the reason we were able to deliver is that we had created a culture that was forgiving and not scary. we could work quickly because it was easy in that culture to have ideas and to refine them. “I came up with this saying that became one of my mantras which was, “early, ugly and often.”. She had noticed that people on the team were spending a lot of time perfecting the presentation of ideas. She said, “do not worry about making the PowerPoint look good, but let's talk early and at frequent intervals, so the magic iterative process can happen. That’s the way to work, rather than polishing the marble until it's perfectly ready and then finding out it doesn't fit. They had frequent meetings with a very tight group of the CEO and her peers at the highest level of the organization and they would do the same process of “here’s some ideas. We're not selling ideas; we are working them through and getting input. it was extremely successful.”, PowerPoint was always designed to look spectacular and be the answer and almost looked too real. Going back to the napkin and the little drawing earlier on to build alignment before you polish it into a sales pitch works better.
listen at all levels.
great ideas come from a variety of places. They don't come hierarchically. The person who's in charge of. Social media has a perspective which may be unique. the CFO is a goldmine for deep understanding of the key drivers of margin and profit and growth. “To be a successful CMO, you have to go in every day in a listening mode, not a command-and-control mode.” it’s hard because there's a lot of pressure, a lot of moving parts and, it takes patiencr to be able to course correct constantly.”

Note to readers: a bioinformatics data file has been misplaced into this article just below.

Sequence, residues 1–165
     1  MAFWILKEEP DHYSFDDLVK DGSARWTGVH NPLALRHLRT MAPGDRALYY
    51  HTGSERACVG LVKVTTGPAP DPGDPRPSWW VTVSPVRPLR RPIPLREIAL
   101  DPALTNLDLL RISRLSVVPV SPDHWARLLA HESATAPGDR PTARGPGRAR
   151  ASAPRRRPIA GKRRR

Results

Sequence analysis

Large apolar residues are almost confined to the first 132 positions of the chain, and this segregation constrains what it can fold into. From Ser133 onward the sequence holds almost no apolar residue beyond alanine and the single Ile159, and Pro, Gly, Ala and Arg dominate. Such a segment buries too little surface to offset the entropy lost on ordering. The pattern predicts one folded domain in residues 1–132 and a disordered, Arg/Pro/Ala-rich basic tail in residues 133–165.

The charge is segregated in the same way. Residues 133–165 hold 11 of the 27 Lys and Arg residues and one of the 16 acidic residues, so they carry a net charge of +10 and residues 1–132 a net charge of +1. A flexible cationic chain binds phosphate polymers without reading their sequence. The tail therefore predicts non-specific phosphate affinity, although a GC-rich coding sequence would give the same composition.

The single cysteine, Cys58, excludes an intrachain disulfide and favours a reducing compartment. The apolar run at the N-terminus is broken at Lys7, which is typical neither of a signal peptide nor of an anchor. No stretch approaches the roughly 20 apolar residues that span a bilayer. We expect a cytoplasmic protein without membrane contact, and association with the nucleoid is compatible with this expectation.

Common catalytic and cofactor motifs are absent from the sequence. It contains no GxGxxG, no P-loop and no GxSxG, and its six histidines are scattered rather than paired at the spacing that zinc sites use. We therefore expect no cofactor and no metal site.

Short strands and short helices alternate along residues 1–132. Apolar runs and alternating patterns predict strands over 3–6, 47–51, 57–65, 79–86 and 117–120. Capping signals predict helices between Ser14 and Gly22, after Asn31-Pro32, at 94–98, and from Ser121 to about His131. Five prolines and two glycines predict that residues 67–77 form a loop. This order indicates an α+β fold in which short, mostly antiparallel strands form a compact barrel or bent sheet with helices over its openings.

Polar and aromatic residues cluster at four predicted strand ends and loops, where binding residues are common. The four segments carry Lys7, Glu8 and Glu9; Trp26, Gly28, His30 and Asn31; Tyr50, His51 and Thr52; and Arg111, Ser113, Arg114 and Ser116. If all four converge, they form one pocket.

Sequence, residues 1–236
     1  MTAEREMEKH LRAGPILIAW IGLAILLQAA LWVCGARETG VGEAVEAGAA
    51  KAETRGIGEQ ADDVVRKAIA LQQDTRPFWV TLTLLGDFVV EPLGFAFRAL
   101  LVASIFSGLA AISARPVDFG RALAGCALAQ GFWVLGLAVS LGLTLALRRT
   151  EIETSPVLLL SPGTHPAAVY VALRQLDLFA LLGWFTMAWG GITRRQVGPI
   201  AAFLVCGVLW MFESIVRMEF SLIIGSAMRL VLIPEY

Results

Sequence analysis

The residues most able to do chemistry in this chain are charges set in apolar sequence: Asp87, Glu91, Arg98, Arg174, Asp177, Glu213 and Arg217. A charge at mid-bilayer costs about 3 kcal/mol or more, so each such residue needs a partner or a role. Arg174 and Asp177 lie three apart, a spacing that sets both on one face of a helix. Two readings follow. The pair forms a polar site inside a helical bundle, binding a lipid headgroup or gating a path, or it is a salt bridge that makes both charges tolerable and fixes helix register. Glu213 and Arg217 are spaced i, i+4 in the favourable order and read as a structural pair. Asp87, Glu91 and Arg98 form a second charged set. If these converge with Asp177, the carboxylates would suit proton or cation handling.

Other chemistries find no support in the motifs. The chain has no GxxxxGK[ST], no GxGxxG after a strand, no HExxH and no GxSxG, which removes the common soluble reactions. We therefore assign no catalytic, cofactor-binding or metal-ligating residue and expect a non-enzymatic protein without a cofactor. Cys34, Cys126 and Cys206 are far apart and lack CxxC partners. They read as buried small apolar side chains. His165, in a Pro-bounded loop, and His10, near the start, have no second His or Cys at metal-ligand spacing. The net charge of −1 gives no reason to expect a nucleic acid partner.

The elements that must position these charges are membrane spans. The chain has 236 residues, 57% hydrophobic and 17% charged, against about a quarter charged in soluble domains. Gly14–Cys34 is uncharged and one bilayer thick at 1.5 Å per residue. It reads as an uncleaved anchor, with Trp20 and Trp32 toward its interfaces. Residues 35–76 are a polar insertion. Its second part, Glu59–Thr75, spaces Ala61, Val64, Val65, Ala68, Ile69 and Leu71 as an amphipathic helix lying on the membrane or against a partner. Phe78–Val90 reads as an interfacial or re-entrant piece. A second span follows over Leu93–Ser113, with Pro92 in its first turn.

How did you make big data useful?
it's hard to find a question that's not helped by using all the data that's out there. that was always the ill of marketing that you could get point in time and partial views of people, language, and channels. And that was never enough. We did the best we could. But we were always mindful of the fact that, in some cases it felt like anecdotal information, and now it doesn't. It's not anecdotal, it's actual.
Difficulty in finding the best suppliers.
The transformational tools are coming from different kinds of companies, companies you might not have ever heard of. in the past, because of the strength of the big brands in the marketing, communications, and advertising space, it was not so hard to identify and work with best in class.”. Now I don't think it's so obvious.”
Amy Fuller, Allen Adamson and Joanna Seddon